Posted by: David R. Remer at August 13, 2007 3:33 PM
Comment #229257

Chris2x, there is a school of thought in economics that states constant economic and demographic growth would lead to calamity. They offer instead a model for stable economies and stable population, in which a balance of trade and skills with consumption is achieved on a macro level over time. Of course it would fluctuate from year to year, but, that is the point of their theory, to offer an alternative to insure fluctuations don’t become long term trends.

As the world’s population moves toward techo/industrialized employment, stable economic theory becomes plausible. It hasn’t been a plausible theory where such disparity of wealth and the split between non-industrialized agricultural and industrialized/techno nations resulted in massive deprivation and population migrations caused by war, exploitation (blood diamonds), and autocratic regimes of families hording national wealth as in Saudi Arabia or Syria or pre-invasion Iraq. These disparities meant fair and equally distributed consumption and labor could not be shared between nations.

But, as autocratic regimes move ever onward toward the mixed economy model of social conscience policy (to avoid revolution and civil war) and entrepreneurial private enterprise, such as is occurring in places like the U.A.E and China and Phillipines, the balance model based on zero population growth or even global population decrease can be accommodated by international reciprocal distribution of industrial technological jobs and consumption which does not require constant growth to stay economically afloat.

Friedman alluded to this model for the future in his book, The World is Flat.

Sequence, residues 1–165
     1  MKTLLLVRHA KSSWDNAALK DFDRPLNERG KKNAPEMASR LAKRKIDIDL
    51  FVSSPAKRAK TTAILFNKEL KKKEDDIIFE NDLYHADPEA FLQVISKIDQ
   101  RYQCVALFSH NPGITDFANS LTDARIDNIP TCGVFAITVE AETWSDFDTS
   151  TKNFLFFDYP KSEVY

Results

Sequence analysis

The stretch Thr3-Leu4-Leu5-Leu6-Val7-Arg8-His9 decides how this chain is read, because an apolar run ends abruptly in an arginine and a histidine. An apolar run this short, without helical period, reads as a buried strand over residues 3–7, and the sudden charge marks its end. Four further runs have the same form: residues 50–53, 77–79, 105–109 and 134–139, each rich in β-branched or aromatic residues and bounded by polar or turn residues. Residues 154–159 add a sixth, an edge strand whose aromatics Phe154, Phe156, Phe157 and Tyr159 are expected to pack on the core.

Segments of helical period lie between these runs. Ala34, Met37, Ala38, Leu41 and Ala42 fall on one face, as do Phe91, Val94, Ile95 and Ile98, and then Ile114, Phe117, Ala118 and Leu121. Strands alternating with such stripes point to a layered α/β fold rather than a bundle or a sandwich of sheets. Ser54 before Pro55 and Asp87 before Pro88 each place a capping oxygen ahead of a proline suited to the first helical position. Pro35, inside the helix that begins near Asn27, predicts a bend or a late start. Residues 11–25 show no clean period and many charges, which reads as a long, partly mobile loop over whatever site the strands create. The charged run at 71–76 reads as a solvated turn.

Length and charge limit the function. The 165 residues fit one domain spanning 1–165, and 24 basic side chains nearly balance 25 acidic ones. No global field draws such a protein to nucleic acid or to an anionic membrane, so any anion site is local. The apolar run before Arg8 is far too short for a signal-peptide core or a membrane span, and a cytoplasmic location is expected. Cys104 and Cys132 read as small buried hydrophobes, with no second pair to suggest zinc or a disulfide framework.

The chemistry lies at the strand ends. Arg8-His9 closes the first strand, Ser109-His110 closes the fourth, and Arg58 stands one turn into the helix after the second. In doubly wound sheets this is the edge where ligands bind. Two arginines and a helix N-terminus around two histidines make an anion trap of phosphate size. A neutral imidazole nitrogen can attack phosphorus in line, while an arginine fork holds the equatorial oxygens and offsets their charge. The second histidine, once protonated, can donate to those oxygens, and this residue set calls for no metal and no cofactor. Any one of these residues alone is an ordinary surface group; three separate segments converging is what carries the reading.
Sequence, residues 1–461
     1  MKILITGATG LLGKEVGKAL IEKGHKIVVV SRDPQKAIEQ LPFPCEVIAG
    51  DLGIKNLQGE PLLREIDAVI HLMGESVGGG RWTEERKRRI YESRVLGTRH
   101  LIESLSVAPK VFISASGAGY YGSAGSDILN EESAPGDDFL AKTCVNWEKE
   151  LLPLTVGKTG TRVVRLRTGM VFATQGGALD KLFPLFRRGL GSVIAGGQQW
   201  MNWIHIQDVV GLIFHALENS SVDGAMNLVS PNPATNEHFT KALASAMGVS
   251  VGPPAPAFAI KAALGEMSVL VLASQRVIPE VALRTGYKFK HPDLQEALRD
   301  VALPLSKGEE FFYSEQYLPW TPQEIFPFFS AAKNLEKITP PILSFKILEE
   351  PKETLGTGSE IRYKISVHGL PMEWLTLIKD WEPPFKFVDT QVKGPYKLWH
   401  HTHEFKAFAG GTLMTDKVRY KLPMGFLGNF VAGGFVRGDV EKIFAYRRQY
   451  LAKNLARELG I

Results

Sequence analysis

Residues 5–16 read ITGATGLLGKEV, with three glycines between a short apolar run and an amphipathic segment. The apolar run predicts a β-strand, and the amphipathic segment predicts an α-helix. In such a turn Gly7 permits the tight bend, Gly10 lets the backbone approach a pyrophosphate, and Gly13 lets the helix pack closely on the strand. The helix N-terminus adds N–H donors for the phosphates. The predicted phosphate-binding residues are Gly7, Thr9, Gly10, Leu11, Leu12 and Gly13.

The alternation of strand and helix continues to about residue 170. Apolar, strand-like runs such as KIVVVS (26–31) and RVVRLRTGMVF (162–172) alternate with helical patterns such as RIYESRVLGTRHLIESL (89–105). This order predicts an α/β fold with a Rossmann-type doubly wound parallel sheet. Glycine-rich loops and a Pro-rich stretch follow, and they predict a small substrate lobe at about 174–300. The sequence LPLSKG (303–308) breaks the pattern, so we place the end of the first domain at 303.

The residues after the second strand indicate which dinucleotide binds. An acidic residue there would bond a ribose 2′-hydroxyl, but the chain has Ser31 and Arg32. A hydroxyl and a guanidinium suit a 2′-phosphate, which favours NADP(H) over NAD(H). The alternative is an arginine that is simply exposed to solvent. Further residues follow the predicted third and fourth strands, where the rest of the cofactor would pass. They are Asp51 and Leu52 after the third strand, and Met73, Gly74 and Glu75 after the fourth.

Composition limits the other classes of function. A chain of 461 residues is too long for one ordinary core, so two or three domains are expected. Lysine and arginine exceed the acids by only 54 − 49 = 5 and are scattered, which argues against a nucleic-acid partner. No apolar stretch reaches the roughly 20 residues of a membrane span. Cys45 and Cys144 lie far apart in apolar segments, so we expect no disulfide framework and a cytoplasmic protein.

Posted by: David R. Remer at August 13, 2007 3:48 PM
Comment #229258

So, some of you agree with the inaccuracies; yet, no mention how the news article (just recently, by the way) is using the wrong data (1998 is the hottest year when it is indeed not!). Why would anyone allow that story to run and why don’t some of you say something about it? If it were the other side, say an inaccuracy from the deniers, many of you would be all over; yet, nothing about this inaccuracy. Nothing about an agenda from James Hansen, who is a political activist. Nothing about why a blogger had to spot this and not NASA.

Posted by: rahdigly at August 13, 2007 3:56 PM
Comment #229260

rah,

Wow. A news article got something wrong, surprising everyone in the world. There, I mentioned it.

So a blogger found it instead of a specific scientific group? So what? That’s often how science works - someone outside the mainstream discovers a problem or a new piece of evidence, and then the scientific community examines it. Upon examination, experts decide whether the new information is accurate, and then adjust their understanding based on the new information.

In this case, the adjustment is along the lines of “well, that makes a statistically-insignificant change in the recent results. We’ll update our numbers, but the mistake was in a tiny percentage of the inputs and doesn’t affect the overall trends or conclusions”.

Can we move on to the scientific data? Or will you continue to ignore the forest?

Posted by: LawnBoy at August 13, 2007 4:11 PM
Comment #229265

Thanks David,